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Shopping for Hoisin and Mirin. Any Good Brands?

I was in my local supermarket and saw Kikkoman hoisin, but the salt content was through the roof. Is that typical, or should I look for a different brand? Any tips for mirin as well? I do have access to Asian markets if there are brands I can find there.

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  1. Hoisin is a condiment, so it's salt levels will be up there with ketchup and soy sauce.

    Look at the ingredients for mirin. Kikkoman aji mirin is not real mirin (sweet rice wine/sake) but a flavored corn syrup.

    1. You do not want aji-mirin, you want hon-mirin -- it is the real stuff. Aji-mirin is not real mirin. Sorry. Check out http://www.nytimes.com/2012/02/29/din...

      As for Hoisin, I am still looking for a favorite. We used to get one we liked but I can no longer find it (and I don't have an empty jar). Ask at the Asian market which one they like and why. FYI, I often mix a bit of mirin with the hoisin for dipping stuff in.

      1. I use Mitoku brand mirin. Once I discovered it, I cannot use anything else. I buy it online, but it is worth it.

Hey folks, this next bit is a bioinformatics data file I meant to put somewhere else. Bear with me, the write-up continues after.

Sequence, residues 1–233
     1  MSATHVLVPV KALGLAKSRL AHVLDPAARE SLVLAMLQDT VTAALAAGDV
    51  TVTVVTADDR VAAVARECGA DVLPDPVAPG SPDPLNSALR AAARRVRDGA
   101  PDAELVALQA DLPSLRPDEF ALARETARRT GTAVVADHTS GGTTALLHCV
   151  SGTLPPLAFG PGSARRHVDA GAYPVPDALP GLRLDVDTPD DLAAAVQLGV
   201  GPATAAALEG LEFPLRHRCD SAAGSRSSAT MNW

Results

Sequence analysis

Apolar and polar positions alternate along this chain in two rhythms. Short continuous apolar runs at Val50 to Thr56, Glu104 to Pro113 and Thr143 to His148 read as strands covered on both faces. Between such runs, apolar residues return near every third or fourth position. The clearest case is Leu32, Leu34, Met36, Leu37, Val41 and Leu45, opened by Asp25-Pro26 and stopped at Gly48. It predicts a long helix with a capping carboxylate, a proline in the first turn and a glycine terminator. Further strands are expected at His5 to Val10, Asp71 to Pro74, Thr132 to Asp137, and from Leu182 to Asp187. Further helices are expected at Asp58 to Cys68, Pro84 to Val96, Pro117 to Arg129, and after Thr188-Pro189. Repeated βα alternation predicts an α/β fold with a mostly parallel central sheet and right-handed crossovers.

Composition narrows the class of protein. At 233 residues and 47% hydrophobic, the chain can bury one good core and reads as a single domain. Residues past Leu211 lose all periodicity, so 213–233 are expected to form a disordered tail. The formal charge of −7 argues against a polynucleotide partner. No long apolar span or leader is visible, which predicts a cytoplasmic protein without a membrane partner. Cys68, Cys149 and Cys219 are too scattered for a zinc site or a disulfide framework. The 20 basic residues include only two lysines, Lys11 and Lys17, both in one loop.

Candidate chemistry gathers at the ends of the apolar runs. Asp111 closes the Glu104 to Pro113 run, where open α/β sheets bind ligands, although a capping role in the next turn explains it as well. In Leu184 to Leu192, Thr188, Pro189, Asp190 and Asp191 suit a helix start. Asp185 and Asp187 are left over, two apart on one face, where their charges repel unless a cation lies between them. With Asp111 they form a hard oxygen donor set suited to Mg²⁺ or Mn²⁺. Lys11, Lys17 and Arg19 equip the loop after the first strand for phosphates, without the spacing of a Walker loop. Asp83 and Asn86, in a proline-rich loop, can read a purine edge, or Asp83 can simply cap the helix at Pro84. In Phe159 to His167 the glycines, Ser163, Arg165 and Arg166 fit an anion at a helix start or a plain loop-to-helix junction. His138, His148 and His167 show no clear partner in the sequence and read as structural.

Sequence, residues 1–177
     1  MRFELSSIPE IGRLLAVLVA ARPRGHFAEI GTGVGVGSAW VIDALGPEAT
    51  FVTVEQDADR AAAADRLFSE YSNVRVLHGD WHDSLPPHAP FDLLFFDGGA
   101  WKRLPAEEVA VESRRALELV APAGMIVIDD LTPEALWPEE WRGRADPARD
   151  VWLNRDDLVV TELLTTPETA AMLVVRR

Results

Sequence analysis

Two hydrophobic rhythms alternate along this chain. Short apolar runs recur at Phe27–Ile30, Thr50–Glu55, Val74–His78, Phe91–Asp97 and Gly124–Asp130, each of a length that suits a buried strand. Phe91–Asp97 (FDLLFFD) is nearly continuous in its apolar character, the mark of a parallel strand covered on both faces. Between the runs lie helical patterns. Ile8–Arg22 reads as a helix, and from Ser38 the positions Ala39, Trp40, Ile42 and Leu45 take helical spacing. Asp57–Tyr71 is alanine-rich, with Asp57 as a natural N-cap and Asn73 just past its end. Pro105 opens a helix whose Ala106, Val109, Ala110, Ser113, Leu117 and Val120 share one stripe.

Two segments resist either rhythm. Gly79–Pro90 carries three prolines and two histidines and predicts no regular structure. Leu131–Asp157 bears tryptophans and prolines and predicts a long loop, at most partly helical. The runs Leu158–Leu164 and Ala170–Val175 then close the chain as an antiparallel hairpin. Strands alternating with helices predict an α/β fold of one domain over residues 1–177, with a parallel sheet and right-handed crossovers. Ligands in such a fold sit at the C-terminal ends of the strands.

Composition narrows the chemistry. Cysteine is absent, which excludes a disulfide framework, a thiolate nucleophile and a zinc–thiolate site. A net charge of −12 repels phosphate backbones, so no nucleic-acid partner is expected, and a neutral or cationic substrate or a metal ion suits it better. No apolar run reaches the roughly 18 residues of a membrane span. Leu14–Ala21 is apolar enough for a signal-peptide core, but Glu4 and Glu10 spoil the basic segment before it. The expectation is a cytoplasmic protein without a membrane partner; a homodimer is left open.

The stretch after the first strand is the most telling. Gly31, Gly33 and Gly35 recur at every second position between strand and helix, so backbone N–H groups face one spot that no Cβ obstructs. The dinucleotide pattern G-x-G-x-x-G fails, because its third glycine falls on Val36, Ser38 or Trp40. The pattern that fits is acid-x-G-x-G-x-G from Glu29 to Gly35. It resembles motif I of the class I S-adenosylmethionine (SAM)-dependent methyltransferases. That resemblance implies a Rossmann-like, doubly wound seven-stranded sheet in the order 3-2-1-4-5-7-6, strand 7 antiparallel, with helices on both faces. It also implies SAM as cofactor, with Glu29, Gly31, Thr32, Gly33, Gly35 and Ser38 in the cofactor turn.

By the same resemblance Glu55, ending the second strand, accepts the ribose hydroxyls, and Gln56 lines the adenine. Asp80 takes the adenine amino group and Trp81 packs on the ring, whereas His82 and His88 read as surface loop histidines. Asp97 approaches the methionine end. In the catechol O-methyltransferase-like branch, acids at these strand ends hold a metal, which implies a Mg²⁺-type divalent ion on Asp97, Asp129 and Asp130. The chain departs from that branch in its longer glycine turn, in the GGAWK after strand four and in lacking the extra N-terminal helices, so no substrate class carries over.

1. I have tried a number of Hoisin brands, I like Lee Kum Kee in the plastic squirt bottle.

          3 Replies
          1. re: escondido123

            I've never seen it in a squeeze bottle. I buy the Lee Kum Kee brand in a small, chubby glass jar.

            1. re: cheesecake17

              It comes that way too, but I find the squeeze bottle to be easier to use...it may also be a little thinner than the jarred.

              1. re: escondido123

                I'm going to look for it next time I go shopping

          2. At one time Koon Chun, with its distinctive blue and yellow labels, was the main, even only, brand of hoisin in the USA, and probably set the expectations for many of us. These days I end up buying more LKK sauces. My latest purchase was a small bottle of Amoy brand, which doesn't quite match what I expected.